For instance, my favorite painting, The Starry Night, a piece of work that appears devoid of any mathematical influence, was recently analyzed to reveal  that the artist, Van Gogh, may have intuitively used Kolmogrov Scaling, a mathematical model for turbulent flow in fluid motion, to create the eddies, or swirls, that dominate the painting, sixty years before Kolmogrov developed the scaling formula. Interestingly, paintings from Van Gogh's manic or "turbulent" state all revealed the presence of these mathematically modeled eddies whereas the paintings created during his "recovered" or sane state do not include any mathematically significant influences.
Similarly, Jackson Pollock's chaotic splatter paintings have also been analyzed from a mathematical perspective to reveal the presence of fractals. Like Van Gogh's, supposed, mimicry of the natural world through mathematical tools, Pollock's fractal patterns reveal that the artist's work, at one point, had the same fractal dimension rankings as those of an ocean shore.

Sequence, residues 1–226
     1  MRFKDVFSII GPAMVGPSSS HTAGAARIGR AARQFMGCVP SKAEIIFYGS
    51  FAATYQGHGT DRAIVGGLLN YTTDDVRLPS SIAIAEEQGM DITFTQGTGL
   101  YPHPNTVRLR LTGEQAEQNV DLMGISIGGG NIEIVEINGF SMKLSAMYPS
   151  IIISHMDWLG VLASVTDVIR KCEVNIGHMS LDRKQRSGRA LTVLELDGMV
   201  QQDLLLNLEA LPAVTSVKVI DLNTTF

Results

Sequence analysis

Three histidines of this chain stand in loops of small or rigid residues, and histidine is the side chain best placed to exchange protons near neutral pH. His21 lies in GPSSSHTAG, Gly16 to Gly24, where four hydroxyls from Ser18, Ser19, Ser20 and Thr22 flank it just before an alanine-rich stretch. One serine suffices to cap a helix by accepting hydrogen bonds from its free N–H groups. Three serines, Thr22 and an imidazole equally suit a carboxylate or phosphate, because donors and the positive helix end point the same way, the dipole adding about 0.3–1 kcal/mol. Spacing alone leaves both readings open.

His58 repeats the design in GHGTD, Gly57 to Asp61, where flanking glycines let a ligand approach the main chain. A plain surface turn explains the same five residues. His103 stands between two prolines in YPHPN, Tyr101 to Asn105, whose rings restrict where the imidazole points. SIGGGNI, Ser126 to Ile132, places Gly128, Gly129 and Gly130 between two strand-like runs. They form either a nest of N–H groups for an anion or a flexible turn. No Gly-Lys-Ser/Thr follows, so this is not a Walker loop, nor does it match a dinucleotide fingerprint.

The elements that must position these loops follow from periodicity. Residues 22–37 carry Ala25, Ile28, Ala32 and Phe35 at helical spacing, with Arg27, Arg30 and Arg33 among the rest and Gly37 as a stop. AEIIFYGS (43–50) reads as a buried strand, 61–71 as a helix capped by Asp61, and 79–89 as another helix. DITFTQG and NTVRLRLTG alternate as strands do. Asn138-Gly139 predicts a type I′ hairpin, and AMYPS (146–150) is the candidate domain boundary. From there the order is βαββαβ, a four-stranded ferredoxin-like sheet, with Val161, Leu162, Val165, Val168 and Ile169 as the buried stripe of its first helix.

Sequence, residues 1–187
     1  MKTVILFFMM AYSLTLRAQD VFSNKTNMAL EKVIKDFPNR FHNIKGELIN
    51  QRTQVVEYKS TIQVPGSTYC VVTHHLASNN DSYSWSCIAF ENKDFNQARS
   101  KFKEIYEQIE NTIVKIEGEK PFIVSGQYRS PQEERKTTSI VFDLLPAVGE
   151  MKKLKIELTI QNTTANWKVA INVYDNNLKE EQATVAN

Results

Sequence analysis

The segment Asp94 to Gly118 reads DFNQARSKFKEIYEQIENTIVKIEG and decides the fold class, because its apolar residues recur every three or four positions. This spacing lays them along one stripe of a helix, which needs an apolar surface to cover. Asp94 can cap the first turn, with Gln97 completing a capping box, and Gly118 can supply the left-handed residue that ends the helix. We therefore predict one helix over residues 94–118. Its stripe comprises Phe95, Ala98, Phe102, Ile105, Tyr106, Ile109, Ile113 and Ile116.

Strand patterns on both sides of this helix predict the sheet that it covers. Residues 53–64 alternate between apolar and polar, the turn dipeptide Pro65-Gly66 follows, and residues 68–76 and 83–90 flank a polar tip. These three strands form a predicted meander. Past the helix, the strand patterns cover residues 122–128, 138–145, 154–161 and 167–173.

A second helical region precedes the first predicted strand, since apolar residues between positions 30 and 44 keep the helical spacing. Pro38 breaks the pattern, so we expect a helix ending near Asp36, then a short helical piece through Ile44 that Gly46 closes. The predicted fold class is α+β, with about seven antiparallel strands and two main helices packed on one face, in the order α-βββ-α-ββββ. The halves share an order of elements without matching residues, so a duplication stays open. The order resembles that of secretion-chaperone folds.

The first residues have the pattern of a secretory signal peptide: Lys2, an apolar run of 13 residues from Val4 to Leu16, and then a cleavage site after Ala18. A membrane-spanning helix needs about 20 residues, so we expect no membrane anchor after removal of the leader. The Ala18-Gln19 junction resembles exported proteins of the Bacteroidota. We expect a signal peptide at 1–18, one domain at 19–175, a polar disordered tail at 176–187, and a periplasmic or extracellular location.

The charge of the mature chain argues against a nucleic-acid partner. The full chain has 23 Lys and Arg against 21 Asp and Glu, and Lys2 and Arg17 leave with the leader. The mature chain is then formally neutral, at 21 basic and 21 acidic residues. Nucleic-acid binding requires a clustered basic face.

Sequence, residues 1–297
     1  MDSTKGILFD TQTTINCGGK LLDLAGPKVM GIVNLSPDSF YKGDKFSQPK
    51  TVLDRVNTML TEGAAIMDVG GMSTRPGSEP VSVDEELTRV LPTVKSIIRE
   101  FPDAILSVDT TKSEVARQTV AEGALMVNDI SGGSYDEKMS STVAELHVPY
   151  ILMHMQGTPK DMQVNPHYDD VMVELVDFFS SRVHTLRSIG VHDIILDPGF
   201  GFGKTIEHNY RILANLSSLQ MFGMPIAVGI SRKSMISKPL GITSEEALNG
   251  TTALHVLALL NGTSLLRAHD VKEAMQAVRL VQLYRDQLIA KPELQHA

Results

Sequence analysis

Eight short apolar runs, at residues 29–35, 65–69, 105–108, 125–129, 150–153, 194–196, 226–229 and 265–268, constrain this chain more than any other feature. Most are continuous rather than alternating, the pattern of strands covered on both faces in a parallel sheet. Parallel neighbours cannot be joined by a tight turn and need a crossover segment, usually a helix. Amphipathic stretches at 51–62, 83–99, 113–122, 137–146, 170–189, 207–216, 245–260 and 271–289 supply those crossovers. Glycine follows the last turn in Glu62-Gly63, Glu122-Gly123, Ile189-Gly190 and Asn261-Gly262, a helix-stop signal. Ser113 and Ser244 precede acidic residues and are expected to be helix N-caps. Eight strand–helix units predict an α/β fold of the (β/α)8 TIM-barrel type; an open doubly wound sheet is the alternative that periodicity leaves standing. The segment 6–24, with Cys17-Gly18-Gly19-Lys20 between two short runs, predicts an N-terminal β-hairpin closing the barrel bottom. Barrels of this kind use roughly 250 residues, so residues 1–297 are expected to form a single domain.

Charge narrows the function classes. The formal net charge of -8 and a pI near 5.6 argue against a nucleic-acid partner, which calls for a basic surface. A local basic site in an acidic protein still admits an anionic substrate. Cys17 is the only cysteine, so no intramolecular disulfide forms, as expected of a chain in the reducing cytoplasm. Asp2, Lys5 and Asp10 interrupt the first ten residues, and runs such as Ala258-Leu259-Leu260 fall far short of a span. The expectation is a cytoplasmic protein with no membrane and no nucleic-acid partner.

(One of Jackson Pollock's splatter painting that contains fractals)

The juxtaposition of art and math exists primarily due to the social connotation that divides the two disciplines, despite the ingenious productions of their intersections and collaboration. Although there are clear similarities between the two studies, the emphasis placed on the objectivity of mathematics versus the natural subjectivity of art has further added to the mental division of the disciplines. As Professor Vesna noted in lecture, the process of "degeniusing", carried out by modern society, has potentially led to the loss of many great inventions and discoveries in both the realms of art and science.